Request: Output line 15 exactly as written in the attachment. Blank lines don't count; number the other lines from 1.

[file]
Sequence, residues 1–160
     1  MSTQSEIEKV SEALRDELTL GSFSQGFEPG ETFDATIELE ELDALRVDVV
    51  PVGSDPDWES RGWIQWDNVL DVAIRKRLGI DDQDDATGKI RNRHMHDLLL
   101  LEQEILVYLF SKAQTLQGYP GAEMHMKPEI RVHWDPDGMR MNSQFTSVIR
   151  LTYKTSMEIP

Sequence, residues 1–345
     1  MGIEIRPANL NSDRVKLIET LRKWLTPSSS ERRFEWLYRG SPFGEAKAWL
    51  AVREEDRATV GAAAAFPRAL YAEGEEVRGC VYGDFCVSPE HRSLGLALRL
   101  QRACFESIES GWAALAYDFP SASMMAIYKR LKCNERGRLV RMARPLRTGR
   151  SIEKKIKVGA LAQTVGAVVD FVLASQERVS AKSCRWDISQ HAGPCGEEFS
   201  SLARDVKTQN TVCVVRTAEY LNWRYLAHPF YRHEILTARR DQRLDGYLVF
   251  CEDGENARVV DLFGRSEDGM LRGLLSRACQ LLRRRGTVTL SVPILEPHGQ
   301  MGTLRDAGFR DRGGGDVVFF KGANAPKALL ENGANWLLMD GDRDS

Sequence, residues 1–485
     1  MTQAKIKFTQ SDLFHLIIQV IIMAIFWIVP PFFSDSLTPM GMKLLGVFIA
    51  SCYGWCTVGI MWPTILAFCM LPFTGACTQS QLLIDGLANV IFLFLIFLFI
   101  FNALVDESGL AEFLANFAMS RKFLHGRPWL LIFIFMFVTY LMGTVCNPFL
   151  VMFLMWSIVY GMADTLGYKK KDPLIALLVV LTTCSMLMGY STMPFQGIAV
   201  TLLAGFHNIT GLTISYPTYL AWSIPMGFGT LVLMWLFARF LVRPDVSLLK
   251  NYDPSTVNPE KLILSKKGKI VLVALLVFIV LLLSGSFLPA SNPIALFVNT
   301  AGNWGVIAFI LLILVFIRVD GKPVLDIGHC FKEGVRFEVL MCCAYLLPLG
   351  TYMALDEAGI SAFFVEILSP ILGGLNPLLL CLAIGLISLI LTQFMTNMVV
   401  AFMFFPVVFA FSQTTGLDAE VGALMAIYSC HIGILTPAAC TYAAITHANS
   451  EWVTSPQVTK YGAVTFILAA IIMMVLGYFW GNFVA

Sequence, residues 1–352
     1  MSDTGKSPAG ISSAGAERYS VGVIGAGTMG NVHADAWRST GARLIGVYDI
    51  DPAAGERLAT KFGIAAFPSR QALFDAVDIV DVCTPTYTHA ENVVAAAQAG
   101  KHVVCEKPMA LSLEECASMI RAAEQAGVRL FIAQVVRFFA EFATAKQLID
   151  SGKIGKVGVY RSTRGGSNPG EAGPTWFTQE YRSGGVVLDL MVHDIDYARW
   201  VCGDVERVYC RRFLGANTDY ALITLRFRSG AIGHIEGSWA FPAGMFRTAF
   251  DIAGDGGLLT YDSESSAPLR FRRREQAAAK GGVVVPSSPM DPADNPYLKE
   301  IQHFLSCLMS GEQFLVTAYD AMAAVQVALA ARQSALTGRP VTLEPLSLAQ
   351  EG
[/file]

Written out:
     1  MTQAKIKFTQ SDLFHLIIQV IIMAIFWIVP PFFSDSLTPM GMKLLGVFIA